While I am neither an accredited expert in the field of “sober dating” nor am I an expert on dating in general for that matter… I can, however, attest to the fact that I have probably gone on over 150 dates in the last eight years of my recovery and I believe that experience is a crucial aspect to any legitimate words of wisdom, so in my mind, that gives me somewhat of a soapbox to stand on. While a serial monogamist before I got sober, entering the realm of dating without that social lubrication and innate ability to sweep red flags under the rug… dating in sobriety has been difficult (to say the least). When I reflect upon my dating career, I can’t help but think of the Rod Stewart classic chorus line from his hit single, “Ooh La La.” IF ONLY, “I knew what I know now… when I was younger… and stronger” (for that matter).
I have gone on so many horrific dates with people that I immediately knew would not result in a “love connection” that I am constantly reminded of Chelsea Handler’s story about going on a date with a guy, who flat-out exclaimed, “Chelsea, you really don’t need to drink so much for me to enjoy your company… You’re a super funny, fascinating girl as it is… without alcohol!” And without missing a beat… she pauses… collects her composure and replies, “hey buddy, thanks for the insight, but I’m not drinking because I think that I need to make myself more interesting… I’m drinking to make YOU (and this date) slightly tolerable…” Oh… how I’ve yearned for the freedom to have one… (or ten) glasses of wine, while sitting through mind-bogglingly boring first date “getting to know each other” stories… 100% painstakingly sober.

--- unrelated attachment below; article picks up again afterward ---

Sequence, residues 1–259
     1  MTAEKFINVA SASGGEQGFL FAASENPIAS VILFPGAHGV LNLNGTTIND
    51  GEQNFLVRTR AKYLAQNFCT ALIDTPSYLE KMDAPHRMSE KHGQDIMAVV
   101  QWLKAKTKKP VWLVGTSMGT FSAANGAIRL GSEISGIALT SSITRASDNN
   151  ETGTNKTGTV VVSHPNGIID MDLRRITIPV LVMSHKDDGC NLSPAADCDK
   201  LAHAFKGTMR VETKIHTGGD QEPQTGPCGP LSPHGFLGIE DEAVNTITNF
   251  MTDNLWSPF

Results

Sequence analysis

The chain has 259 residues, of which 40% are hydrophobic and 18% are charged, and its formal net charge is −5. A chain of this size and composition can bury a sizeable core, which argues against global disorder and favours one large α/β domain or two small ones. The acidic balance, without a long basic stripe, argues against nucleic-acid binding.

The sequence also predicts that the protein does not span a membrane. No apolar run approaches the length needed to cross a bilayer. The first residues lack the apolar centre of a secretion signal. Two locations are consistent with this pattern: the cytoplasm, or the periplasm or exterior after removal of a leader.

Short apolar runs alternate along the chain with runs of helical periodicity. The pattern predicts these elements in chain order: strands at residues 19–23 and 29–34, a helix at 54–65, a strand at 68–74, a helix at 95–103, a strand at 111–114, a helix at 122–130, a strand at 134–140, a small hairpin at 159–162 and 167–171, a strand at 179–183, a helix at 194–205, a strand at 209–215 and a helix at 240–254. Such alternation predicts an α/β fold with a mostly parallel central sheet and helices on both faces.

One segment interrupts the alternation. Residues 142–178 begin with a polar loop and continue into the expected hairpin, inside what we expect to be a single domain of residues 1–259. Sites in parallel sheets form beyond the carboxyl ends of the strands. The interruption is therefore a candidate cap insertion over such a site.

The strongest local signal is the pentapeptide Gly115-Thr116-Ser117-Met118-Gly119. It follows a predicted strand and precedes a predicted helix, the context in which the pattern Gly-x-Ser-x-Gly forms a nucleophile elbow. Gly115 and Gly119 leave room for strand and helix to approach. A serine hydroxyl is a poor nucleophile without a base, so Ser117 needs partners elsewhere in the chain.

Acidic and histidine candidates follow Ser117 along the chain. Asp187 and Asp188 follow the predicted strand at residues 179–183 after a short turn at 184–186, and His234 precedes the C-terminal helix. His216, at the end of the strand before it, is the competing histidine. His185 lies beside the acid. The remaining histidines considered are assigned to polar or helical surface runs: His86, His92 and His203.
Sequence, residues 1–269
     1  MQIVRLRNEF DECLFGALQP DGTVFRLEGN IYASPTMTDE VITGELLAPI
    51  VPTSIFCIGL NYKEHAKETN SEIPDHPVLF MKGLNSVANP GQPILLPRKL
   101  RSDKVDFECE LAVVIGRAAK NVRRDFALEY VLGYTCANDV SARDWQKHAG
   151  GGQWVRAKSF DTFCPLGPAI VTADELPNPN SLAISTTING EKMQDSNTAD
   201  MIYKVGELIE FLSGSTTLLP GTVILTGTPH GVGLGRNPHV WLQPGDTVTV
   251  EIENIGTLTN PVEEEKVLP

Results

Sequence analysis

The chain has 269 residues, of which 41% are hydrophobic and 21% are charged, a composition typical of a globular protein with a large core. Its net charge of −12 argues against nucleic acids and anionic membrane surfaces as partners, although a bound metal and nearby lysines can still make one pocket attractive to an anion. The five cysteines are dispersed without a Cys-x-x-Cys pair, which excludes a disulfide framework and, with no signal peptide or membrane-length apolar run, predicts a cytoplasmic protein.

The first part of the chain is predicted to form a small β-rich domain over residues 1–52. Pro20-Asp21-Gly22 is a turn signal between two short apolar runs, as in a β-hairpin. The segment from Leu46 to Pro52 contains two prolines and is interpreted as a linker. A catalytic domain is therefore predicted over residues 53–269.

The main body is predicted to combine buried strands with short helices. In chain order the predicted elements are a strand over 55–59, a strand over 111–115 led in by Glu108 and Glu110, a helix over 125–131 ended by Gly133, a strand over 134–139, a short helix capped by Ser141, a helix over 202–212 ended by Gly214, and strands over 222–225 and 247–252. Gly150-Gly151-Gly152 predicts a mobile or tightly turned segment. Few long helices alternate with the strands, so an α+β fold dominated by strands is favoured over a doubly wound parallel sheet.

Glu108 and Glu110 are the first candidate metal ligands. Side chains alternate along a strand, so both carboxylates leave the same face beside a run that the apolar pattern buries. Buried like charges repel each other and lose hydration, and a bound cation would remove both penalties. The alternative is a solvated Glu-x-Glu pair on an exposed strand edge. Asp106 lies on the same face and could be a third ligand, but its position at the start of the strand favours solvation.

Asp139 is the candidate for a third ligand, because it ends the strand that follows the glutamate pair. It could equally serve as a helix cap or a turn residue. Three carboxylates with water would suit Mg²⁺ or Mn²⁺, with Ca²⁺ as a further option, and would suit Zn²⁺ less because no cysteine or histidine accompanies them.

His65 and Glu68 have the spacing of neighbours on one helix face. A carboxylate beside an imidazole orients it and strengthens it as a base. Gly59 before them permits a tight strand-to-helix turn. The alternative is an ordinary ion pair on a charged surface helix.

However, some of the best advice I have ever gotten in regards to dating came from a sober sister of mine that I grew up with in North Carolina, who informed me that long-lasting love is not supposed to be a fireworks explosion… because inherently, what goes up, must come down. “True love,” she said, “should feel more like a warm campfire… it’s sweet, comforting, and someplace you feel safe and want to return to relatively soon, but it’s no fire drill.” However, I have generally opted to forego the romantic, leisurely walk down The Yellow Brick Road, opting for the roller coaster relationships from hell instead.
Furthermore, I will always remember the infuriating advice I received from my grand sponsor (aka my sponsor’s sponsor) one evening after one of my very first AA meetings… She came up to check in on me to see how I was feeling, as she knew I was going through a break-up and hated every second of my first one to two dozen AA meetings… “I am absolutely, positively, miserable, thanks for asking,” I mumbled, as I stared lifelessly into her bright, starry eyes. Devra, my grand sponsor, assured me that despite my current situation, “God had a plan for me and it was better than anything I could ever imagine for myself…” I found that to be a ridiculous statement and thought to myself, “clearly this woman has never been inside of my head because I can imagine some pretty decadent and incredible sh!t.” She went on to tell me that, “sometimes rejection is God’s protection,” and that, “people often break up in early sobriety, as one rarely even knows who he or she really is (without a drink in toe).” Besides, she said, “you honestly have no idea how much positive change you have to look forward to! You wouldn’t want to sell yourself short now, would you? Level water seeks level water, ya know?” I was aware of The Law of Attraction; however, I didn’t see how it applied to me, as I had not “lost” all that much when I decided to get sober… everything still looked rather “perfect,” from the outside looking in… but, up close… I was a total Monet.
Unfortunately, I found out the hard way that in my most frenetic and unstable moments (aka early sobriety), I am pretty much a magnet for toxicity. For example, in my first few months of sobriety, I dated this guy, who on paper could not have been a better catch. He was a millionaire, surfer from New York City that owned a hedge fund and had played football at Princeton during his undergrad years… Three years later… I saw that same man on the cover of The New York Post because he had shot his father in the head, execution style, for “threatening to lower his allowance.” No joke that actually happened.